Oculomotor enhancements of auditory spatial perception
Listeners are better able to distinguish the locations of two nearby sounds
when their eyes are directed towards the sounds, even without moving their head
(purple line above green line in left panel). Surprisingly, the same effect was
not observed when auditory attention was directed, rather than eye gaze
(purple and green lines overlap in right panel). See the full article here:
How does eye-gaze influence auditory perception?
The perception of auditory space, derived primarily from binaural cues (i.e., combining information from both ears), is well studied and of paramount importance to segregating and selecting a target sound source in complex environments. Only a tiny portion of those studies have considered the direction of subjects’ eye-gaze, and the consideration given is usually just to provide a central fixation dot (or perhaps a blindfold). There are, however, shared neural processing regions between gaze and auditory attention and a small body of literature showing oculomotor impacts on sound localization—tantalizing reasons to think that gaze may make important contributions to auditory selective attention.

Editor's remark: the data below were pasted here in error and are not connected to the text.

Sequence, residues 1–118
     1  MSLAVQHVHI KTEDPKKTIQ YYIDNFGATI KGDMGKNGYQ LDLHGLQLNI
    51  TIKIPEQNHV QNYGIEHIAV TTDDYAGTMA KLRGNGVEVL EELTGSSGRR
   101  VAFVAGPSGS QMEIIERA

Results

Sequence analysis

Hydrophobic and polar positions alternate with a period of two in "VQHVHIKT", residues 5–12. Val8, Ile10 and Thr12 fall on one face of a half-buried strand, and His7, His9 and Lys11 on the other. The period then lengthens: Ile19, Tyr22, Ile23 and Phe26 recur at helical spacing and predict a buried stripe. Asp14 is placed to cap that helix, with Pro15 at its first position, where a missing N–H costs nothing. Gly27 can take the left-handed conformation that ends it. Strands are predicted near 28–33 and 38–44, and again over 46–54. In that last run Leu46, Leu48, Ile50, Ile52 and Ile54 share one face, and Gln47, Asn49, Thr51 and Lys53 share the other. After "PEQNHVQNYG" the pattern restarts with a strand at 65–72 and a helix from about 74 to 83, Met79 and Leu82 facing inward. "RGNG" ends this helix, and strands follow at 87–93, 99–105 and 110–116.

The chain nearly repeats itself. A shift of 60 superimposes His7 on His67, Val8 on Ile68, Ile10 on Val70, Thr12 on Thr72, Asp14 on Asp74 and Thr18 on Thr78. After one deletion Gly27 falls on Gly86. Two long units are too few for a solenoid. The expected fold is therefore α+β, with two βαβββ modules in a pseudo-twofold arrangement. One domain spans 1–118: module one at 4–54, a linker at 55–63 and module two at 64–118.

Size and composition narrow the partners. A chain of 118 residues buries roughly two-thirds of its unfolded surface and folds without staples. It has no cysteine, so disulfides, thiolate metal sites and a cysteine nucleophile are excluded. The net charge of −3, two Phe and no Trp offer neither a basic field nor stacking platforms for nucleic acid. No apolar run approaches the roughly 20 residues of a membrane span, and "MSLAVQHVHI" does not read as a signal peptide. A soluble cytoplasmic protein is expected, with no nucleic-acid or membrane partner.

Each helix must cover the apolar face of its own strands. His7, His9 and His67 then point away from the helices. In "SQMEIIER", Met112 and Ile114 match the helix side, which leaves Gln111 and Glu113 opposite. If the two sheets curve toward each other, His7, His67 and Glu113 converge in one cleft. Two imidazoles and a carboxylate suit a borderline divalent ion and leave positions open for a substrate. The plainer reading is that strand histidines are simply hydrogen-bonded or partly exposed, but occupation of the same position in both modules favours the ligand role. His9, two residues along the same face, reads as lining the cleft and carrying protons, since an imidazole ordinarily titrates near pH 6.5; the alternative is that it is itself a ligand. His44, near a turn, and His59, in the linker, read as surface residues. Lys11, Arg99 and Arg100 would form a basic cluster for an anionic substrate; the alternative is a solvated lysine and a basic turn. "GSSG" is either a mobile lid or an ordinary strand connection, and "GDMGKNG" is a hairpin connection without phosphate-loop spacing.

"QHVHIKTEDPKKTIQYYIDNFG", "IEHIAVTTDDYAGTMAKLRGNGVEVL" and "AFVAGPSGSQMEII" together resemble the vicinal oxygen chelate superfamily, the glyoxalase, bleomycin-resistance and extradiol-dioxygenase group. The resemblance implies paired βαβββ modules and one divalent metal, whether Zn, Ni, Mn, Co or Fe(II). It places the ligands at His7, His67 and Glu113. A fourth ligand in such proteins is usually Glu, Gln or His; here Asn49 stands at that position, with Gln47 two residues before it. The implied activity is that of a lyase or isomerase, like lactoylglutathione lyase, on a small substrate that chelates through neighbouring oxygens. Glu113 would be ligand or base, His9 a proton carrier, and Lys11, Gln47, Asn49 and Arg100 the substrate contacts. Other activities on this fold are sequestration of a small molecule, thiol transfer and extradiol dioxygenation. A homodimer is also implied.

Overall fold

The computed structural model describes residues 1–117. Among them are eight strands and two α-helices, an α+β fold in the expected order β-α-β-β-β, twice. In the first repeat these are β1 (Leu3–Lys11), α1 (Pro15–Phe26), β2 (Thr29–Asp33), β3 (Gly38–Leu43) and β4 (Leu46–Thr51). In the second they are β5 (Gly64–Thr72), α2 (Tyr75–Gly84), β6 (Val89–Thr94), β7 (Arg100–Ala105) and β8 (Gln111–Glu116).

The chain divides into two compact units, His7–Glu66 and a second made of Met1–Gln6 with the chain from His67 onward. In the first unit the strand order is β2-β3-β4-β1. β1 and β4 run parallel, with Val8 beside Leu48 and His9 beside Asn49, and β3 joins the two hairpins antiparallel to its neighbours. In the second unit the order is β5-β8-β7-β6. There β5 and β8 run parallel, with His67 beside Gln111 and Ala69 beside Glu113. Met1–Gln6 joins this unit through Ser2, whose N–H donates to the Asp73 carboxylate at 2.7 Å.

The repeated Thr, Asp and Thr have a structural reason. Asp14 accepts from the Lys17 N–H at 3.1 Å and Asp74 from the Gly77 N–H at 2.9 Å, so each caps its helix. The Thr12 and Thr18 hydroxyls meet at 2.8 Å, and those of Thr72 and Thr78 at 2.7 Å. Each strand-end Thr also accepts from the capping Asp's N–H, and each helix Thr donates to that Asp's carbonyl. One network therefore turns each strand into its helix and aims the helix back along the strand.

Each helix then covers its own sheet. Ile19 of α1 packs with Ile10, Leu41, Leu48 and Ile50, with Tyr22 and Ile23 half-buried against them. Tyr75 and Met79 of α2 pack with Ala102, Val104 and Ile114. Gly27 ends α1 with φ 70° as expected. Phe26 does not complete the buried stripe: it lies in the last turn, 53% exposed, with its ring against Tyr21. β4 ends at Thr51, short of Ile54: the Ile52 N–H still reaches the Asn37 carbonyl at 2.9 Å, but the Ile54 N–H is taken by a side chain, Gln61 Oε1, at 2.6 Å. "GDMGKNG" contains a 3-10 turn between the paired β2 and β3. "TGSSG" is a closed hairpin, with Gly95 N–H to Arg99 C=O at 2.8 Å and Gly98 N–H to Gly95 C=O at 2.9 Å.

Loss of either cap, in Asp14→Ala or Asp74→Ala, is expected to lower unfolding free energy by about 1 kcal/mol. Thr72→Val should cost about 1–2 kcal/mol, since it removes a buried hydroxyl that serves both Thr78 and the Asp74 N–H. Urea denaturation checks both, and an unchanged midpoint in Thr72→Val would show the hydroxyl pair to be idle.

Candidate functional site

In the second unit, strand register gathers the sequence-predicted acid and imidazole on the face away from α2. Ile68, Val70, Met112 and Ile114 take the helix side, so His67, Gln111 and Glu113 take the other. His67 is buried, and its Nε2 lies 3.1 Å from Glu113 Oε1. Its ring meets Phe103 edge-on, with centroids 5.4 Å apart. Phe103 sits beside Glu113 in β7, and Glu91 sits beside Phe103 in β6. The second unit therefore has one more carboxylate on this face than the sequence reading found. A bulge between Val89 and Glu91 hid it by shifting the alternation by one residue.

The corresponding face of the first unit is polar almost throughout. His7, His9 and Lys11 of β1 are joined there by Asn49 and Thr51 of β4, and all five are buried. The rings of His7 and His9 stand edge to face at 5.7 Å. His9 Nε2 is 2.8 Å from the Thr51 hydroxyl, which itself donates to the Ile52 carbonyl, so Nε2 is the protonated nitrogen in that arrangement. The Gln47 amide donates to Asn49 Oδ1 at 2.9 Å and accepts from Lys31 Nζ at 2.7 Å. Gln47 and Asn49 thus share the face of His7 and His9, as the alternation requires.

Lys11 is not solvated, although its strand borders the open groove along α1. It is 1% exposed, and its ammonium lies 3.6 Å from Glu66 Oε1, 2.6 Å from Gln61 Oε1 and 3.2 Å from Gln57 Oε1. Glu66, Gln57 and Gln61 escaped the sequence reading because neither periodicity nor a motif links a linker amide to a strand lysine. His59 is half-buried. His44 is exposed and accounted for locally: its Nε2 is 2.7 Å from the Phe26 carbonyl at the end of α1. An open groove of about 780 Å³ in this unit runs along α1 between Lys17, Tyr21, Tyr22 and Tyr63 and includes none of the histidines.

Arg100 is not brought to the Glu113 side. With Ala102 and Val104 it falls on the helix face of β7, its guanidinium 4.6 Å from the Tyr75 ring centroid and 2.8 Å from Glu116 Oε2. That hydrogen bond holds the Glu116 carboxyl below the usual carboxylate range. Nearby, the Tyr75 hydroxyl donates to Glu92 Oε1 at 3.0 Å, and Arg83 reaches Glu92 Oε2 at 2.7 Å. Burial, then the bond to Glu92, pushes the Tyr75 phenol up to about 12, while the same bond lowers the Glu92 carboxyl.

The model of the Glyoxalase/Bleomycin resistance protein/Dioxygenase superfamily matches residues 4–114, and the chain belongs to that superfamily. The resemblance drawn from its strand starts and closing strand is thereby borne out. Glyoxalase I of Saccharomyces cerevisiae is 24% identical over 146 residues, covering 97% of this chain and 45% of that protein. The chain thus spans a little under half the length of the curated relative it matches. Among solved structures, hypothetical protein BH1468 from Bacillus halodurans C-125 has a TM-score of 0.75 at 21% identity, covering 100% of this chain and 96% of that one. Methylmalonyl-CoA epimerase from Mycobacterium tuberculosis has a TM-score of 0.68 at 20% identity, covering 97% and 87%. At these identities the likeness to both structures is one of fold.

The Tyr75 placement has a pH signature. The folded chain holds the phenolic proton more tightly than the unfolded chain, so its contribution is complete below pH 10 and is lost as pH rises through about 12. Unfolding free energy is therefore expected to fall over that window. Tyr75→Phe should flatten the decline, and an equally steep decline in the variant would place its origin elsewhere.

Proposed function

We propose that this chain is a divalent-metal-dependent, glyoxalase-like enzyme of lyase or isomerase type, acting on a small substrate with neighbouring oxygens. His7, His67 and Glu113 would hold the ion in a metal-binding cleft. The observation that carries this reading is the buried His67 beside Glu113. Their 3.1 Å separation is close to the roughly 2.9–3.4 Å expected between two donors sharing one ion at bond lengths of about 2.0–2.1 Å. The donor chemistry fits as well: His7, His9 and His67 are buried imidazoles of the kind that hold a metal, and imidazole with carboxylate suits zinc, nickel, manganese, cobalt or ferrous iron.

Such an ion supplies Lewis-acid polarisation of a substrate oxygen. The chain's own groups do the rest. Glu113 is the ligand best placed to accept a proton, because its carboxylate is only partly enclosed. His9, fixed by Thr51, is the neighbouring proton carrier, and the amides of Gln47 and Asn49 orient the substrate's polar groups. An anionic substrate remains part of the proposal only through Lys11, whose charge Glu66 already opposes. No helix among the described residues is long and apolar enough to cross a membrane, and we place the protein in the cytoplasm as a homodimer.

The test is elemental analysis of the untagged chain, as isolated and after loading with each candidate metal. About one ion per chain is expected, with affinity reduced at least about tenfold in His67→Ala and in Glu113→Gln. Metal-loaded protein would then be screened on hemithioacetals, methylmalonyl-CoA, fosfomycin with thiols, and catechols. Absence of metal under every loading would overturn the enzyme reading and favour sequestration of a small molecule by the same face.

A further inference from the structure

We are using behavior and eye-tracking to investigate the effects of eye-gaze on sound localization, and determine its importance to listening in crowded situations.
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